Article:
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Volume 51 Number 5, 2014
   Pages 665 — 674

Use of Functional Ambulation Performance Score as measurement of gait ability: Review

Arnaud Gouelle, PhD

Gait and Motion Analysis Unit, Hôpital Robert Debré, Paris, France

Abstract — Gait analysis systems are widely used for the assessment of gait disabilities and provide more accurate and detailed information than clinical tests. Scores and indexes have been proposed to summarize the large volume of data produced, each emphasizing different aspects of gait. Based on specific spatiotemporal gait parameters, the Functional Ambulation Performance Score (FAPS) quantifies gait at a self-selected speed. Integrated within electronic walkways, the FAPS is commonly used for clinical evaluations and has been used in an increasing number of publications over the past few years. However, its use is sometimes distorted by misunderstandings of its composition and calculation, practical and/or conceptual limits, and even the meaning of the score. This technical report reviews the use of the FAPS for the evaluation of gait based on peer-reviewed articles and clinical experience and addresses important issues that must be considered for an optimal unbiased understanding and analysis of the score.

Key words: assessment, elderly, functional ambulation performance, functional ambulation profile, gait, multiple sclerosis, Parkinson disease, score, spatiotemporal gait parameters, walking speed.

Abbreviations: FAPS = Functional Ambulation Performance Score, ICC = intraclass coefficient, LL = leg length, SL = step length, STP = spatiotemporal gait parameter, V/LL = normalized velocity.
Address all correspondence to Arnaud Gouelle, PhD; AP-HP, Hôpital Robert Debré, Plateforme d’Analyse du Mouvement, 48 boulevard Sérurier, 75019 Paris, France; +0033-(0)6-99-02-00-39. Email:

Spatiotemporal gait parameters (STPs) are widely used to evaluate gait abnormalities in patients with neurological and orthopedic disorders as well as in elderly people. Current electronic walkway systems automatically collect this valuable clinical information. In order to integrate data and provide a single numerical representation of gait, different scores and indexes have been developed, each emphasizing different aspects. For example, a conglomerate measure based on nine STPs called the Gait Variability Index has been proposed recently to quantify gait variability [1]. An older measure, the Functional Ambulation Performance Score (FAPS) focuses on functional aspects of gait and represents a quantification of patients’ gait based on a selection of mean STPs obtained at a self-selected speed [2]. The FAPS is integrated within the GAITRite walkway (CIR System Inc; Clifton, New Jersey), which is considered to be the gold standard for STP analysis. The FAPS is commonly used for clinical evaluations [3], and the number of publications in which it is used has been increasing since 2009.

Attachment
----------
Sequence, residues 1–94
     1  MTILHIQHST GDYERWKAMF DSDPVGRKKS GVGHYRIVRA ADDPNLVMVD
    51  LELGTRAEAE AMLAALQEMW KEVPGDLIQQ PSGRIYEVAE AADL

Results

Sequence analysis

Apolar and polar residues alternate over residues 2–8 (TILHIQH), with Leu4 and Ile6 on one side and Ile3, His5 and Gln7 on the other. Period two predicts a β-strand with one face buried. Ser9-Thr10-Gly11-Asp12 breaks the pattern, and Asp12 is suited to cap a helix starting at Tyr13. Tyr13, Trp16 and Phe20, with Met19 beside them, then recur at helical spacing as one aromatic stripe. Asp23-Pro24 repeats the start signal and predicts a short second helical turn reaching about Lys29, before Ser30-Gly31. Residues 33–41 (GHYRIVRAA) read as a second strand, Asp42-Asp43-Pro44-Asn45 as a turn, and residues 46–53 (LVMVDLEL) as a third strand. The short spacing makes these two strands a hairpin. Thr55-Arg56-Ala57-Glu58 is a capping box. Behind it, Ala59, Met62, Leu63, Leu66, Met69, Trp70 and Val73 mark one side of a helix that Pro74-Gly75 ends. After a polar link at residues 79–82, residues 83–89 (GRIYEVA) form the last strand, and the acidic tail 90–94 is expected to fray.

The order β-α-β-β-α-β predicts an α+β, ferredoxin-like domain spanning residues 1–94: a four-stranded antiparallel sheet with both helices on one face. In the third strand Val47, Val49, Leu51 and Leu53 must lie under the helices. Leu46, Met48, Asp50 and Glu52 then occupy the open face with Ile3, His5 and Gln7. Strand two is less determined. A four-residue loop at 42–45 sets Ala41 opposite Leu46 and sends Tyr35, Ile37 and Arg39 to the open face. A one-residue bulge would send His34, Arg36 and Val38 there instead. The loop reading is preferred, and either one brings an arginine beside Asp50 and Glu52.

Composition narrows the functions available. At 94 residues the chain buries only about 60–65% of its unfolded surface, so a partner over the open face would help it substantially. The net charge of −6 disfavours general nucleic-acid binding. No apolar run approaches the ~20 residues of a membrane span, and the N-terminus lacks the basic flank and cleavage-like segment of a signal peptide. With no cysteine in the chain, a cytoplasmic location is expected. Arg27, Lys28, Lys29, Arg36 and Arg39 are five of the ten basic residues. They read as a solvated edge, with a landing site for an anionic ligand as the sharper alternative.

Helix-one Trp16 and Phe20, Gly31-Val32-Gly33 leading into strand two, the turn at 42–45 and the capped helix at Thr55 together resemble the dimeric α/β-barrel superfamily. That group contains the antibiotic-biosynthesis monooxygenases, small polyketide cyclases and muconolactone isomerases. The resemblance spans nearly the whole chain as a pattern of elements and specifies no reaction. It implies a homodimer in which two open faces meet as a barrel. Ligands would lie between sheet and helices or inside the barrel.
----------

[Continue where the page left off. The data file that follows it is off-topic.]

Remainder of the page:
However, use of the FAPS is sometimes distorted by misunderstandings of its composition and calculation, practical and/or conceptual limits, and even the meaning of the score. Indeed, some studies have used the FAPS to quantify gait variability [4], and the score has been used as an indication of stride to stride variability [5] despite the fact that the FAPS does not quantify variability. This is therefore a problem when the FAPS is used as an outcome measure for a protocol [6], as a "ground truth for fall risk assessment" [7], or to determine the concurrent validity of a clinical gait and balance scale [8]. It seems that there is a need for some clarification about the history of the score, what it measures, calculation, validity, and possible limitations.

This technical report reviews the use of the FAPS for the evaluation of gait based on peer-reviewed articles and clinical experience and addresses important issues and recommendations regarding clinical use and experimental design.


Two searches were carried out in Science Direct and PubMed using the following subject heading terms: (1) "functional ambulation" AND "profile" OR "performance" OR "score," and (2) "GAITRite" AND "score." No limitations or time period restrictions were applied and the latest search was carried out online on August 31, 2013. All studies in which the FAPS was used were included, regardless of the type of article (e.g., prospective and retrospective studies, published conference abstracts, case reports). Then, attempts to identify further articles were made by searching in the references of the studies found.